The magnesium alloy build, fast aperture and great image quality help to justify the cost of what adds up to be a very desirable compact, so value for money is reasonable. The Nikon Coolpix A (also a 16Mp compact with a 28mm fixed lens) is more affordable at around £349, but it lacks a number of the GR II’s tricks – Wi-Fi, integrated ND filter and long shutter speed (300secs vs 30secs) to name but three. The lack of an EVF is a niggle, but the GR II is still a great investment for those seeking good image quality and creative controls in a compact form.
Combining high-spec features and great image quality into a tiny body makes the GR II a tantalising proposition. For those after a highly portable, take-anywhere camera that’s no more intrusive than a smartphone, it can slip into a pocket but offers cutting-edge features like RAW capture, a full suite of creative controls and a fast aperture of f/2.8. There are shortcomings though. Navigating the Menu system isn’t as intuitive as it could be, and unless you crave Wi-Fi connectivity, there’s not enough to tempt existing GR users into upgrading. However, those new to premium compacts will fall in love with this petite camera that works brilliantly in the field. More feature-packed than Nikon’s Coolpix A, and more affordable than Fuji’s X100T, if you’re on the hunt for a creative compact, the GR II is hard to beat.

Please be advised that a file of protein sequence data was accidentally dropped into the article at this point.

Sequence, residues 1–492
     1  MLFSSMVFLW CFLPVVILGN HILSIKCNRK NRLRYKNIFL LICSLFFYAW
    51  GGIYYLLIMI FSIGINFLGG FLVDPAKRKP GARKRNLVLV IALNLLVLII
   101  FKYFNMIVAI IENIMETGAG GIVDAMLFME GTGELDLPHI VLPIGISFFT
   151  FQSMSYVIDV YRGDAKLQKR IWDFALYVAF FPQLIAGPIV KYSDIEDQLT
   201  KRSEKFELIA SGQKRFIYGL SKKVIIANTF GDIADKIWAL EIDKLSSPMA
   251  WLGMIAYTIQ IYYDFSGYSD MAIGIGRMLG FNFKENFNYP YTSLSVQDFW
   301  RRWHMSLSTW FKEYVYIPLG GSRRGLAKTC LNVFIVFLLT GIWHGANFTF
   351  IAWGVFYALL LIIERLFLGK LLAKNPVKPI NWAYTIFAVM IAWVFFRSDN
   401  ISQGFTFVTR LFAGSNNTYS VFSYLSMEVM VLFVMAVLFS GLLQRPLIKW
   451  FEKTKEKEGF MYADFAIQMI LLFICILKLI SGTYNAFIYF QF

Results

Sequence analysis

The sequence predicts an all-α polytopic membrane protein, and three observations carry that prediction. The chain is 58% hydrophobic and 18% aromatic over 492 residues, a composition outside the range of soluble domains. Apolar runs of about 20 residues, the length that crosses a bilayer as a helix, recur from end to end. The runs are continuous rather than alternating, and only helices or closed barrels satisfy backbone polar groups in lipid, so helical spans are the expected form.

- Price: £599
- Resolution: 16.2Mp (4928x3264px)
- Sensor: APS-C CMOS (35.9x24mm)
- Autofocus: system TTL detection system
- Focusing modes: Multi, Single Shot AF, Continuous AF, Manual Focus, Face detect
- Metering: Multi-segment, Centre-weighted or Spot
- Burst rate: 4fps Flash Yes
- ISO range: 100-25,600
- Shutter range: 300secs -1/4000sec & Bulb
- Monitor: 3in, 1230k dot TFT LCD
- Video: Full HD (1920p) @ 30, 25, 24p
- Write speeds: 1.8sec (RAW), 0.7sec (Large Fine JPEG)
- Storage: SD, SDHC, SDXC
- Weight: 251g (body-only)
- Dimensions: (WxHxD) 117x63x35.7mm
- Visit: www.ricoh-imaging.co.uk
This review was first published in the January 2016 issue of Digital Photo - download back issues here.